Questions remain as possible fall season approaches

PLATTSBURGH — If anything is certain when it comes to sports during the COVID-19 pandemic, there’s a lot of uncertainty.

Section VII Executive Director Matt Walentuk wants one thing to be certain, however, as to if and when the fall sports season may begin.

“We want to be able to tell our student-athletes that we have evaluated the situation to the fullest and examined all scenarios,” Walentuk said in an interview with the Press-Republican.

“Whatever decision is made regarding sports is one we as Section VII will be good with. We have good people in the North Country, and we will make the right decision for us and our schools moving forward.”


In late August, Gov. Andrew Cuomo gave the go-ahead for certain fall sports to begin practice as well as play Sept. 21.

The New York State Public High School Athletic Association developed a 41-page document titled “Return to Interscholastic Athletics 2020-2021” that was released Sept. 4 and disclosed guidelines for sports in the COVID-19 world.

Now, the 11 sections in NYSPHSAA are left to decide how to implement a potential fall season.

Certain sections have already opted to delay the fall season, but Section VII is still in its decision-making phase.

“Section VII is here to help,” Walentuk said. “We are not here to push one way or another. We want to make sure everyone is comfortable because these are uncomfortable times. Nobody knows what is going to happen in the next week or month. We are just here to keep the lines of communication open.”

NYSPHSAA’s guidance stated individual school districts have the authority and autonomy to administer their district’s athletic programs as they deem appropriate.

This means Section VII will continue to analyze various opportunities to potentially implement a fall season, but at any point, individual schools may decide to opt out of participating.

“It’s about constant communication with the school athletic directors, and I task them with keeping an open line of communication between themselves and their superintendents,” Walentuk said.

“That’s where Section VII will look to get the feedback from. We all have to work together and remain open with each other.”


Since NYSPHSAA’s guidance was released, NYSPHSAA Executive Director Dr. Robert Zayas has held one-on-one meetings with various sections to allow time for further interpretation and questions to be answered.

Section VII was scheduled to be involved in one of these meetings Wednesday.

“It’s things like a meeting like this where you are able to get a pulse of what’s going on because things change by the day,” Walentuk said.

He elaborated and said the meeting with Zayas combined with how the initial start to school goes are all components that help bring the feasibility of sports to light.

“As each day passes, it’s going to be interesting to get feedback from schools who are starting their school years and see how it’s going,” Walentuk said.


As communication and meetings continue, the Section VII Athletic Council, comprised of officers as well as Champlain Valley and Mountain and Valley Athletic Conference representatives, planned to meet Thursday to discuss potential avenues for sports to begin.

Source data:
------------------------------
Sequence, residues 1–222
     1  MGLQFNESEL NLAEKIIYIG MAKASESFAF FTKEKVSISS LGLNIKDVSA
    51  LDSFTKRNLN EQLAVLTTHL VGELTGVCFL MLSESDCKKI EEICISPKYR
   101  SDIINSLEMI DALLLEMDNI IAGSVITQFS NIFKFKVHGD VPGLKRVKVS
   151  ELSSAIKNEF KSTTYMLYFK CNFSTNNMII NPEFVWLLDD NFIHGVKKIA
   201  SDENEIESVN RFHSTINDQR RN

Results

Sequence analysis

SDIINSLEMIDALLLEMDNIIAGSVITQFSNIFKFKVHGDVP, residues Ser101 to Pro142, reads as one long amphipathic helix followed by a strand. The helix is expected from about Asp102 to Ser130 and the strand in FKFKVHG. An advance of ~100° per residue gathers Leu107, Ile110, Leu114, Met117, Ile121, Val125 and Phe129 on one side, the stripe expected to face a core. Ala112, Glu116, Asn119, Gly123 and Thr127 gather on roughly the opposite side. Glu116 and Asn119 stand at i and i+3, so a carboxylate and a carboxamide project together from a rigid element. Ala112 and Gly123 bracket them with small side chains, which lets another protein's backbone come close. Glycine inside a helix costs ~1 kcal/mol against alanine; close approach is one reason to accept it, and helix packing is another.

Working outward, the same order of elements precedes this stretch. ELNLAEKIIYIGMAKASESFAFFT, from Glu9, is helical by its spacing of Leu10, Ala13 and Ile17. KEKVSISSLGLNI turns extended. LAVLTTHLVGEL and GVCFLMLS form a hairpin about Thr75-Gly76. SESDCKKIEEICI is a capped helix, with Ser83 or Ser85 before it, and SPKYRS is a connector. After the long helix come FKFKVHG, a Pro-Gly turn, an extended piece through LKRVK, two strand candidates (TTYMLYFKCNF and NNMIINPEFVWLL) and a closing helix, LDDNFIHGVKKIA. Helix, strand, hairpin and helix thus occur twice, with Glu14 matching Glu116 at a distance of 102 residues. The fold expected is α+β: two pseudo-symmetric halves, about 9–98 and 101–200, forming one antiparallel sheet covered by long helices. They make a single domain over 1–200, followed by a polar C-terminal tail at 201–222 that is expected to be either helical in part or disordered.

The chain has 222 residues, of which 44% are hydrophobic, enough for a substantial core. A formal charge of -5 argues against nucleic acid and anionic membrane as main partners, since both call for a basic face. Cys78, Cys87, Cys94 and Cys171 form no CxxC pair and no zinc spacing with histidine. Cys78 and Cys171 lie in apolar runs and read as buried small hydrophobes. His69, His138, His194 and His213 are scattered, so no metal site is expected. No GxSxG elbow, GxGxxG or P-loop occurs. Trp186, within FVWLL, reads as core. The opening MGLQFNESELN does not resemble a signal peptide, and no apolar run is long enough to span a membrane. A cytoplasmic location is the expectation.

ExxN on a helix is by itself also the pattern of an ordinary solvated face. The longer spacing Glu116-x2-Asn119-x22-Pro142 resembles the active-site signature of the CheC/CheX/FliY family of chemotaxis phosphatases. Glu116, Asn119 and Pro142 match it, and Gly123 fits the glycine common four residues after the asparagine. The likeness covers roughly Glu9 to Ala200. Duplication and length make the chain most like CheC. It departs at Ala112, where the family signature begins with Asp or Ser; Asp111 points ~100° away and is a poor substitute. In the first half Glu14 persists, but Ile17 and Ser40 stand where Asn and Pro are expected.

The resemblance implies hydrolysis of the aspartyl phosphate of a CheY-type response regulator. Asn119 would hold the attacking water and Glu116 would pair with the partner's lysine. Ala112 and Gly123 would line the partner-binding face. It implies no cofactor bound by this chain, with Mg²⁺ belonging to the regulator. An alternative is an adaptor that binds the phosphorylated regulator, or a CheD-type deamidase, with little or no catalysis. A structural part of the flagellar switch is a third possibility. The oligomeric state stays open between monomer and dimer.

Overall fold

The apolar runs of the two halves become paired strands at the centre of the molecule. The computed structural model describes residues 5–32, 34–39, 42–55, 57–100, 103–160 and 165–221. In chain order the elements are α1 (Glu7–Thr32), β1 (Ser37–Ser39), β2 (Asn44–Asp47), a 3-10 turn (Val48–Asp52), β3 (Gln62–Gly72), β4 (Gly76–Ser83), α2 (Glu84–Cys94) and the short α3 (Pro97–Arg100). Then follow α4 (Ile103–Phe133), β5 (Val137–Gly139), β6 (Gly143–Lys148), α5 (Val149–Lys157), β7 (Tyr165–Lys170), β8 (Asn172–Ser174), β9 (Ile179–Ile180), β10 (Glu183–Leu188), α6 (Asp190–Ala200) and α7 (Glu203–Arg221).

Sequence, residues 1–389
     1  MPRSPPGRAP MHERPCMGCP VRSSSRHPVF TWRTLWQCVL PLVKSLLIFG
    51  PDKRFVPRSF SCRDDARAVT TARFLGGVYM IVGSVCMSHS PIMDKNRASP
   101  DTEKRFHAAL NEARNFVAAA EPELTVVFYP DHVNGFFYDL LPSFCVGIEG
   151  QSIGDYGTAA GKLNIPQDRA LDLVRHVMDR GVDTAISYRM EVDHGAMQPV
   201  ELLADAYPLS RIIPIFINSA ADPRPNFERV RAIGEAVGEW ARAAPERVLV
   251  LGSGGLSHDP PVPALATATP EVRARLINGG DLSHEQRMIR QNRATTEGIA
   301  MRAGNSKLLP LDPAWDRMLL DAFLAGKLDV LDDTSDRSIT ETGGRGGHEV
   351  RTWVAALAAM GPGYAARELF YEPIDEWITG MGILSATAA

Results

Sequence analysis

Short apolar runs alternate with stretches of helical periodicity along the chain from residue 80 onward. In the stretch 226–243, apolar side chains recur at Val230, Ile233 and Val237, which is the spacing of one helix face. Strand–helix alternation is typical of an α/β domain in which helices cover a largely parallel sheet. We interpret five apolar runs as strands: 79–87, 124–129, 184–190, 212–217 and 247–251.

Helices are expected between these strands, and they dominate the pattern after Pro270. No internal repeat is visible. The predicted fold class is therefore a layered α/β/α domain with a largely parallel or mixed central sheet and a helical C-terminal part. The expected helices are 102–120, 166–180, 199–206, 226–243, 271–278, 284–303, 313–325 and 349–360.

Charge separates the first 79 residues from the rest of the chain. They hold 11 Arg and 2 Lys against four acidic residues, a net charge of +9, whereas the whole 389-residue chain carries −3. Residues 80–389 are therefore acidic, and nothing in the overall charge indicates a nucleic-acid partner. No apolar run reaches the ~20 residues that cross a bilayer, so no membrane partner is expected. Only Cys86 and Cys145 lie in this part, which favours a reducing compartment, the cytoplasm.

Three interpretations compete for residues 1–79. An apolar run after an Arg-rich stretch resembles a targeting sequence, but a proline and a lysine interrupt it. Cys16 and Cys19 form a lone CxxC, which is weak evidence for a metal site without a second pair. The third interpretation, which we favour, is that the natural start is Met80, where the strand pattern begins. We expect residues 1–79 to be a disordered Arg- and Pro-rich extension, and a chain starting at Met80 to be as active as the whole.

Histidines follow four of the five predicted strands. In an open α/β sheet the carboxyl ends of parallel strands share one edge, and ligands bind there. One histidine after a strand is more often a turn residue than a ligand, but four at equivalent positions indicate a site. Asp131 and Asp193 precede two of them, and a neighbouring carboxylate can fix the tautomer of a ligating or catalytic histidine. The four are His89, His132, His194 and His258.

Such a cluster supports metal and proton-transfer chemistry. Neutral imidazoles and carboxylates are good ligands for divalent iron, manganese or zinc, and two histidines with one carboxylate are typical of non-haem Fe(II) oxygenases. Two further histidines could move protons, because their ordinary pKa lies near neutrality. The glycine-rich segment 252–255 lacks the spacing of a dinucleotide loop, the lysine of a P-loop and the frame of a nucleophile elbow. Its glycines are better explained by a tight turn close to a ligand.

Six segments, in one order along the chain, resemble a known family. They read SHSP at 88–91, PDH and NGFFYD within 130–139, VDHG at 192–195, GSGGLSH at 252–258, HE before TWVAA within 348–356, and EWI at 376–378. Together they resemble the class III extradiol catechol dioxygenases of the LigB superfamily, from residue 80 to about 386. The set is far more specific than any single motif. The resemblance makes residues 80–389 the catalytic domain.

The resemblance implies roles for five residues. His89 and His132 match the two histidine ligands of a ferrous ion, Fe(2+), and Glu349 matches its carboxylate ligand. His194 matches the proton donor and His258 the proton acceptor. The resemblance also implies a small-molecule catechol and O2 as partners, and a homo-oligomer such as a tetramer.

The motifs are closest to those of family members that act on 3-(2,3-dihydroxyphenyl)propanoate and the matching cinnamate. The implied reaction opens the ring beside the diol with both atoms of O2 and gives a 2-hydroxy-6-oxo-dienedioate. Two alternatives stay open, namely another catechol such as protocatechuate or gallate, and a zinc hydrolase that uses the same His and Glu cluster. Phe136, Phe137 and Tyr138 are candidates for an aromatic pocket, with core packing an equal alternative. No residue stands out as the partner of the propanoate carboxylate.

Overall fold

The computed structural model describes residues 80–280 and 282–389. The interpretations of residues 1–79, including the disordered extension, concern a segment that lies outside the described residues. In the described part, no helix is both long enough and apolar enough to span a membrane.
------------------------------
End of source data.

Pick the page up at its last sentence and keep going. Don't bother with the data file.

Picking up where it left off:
Section VII, which is governed by the council, will rely on these meetings for further guidance.

“At this point, I don’t know if a determination will be made on the fall (season) from the Athletic Council,” Walentuk said. “Ultimately, everyone that is in a leadership position on the council, myself included, has a job to understand what is going on in our member schools.”

If there were to be a fall season, additional planning in many facets is expected by all in Section VII.

The risk-reward scenarios that come with starting a sports season as COVID-19 still remains a threat in the minds of many naturally creates hesitancy.

“There’s a lot of planning that goes into sports,” Walentuk said. “There’s going to be so much more this year, and we just want to make sure we give the students our best effort and continue to move forward. If we have to make a decision one way or another, we will do so when we have given it proper thought and consideration.”



In accordance with NYSPHSAA, sports such as tennis, soccer, cross country, field hockey, gymnastics, golf and swimming may practice and play, effective Sept. 21.

These sports are deemed either low-risk or moderate-risk.

Sports considered higher-risk, including football, wrestling, rugby, hockey and volleyball may practice but not play until authorized at a later date, which will be no later than Dec. 31.

“At the end of the day, we are going to be turning over every stone and taking a look at the guidance and see how it can be implemented to see if we can give our student-athletes a chance to compete and participate in fall sports,” Walentuk said.

“That answer might just happen to be we can’t pull it off this season, but we first have to analyze the situation. Each school needs to make assessments before we just say yes or no to sports because there are a lot of things that need to happen.

“This is not the fall seasons of the past where you just show up with your fall clearance form and play.”


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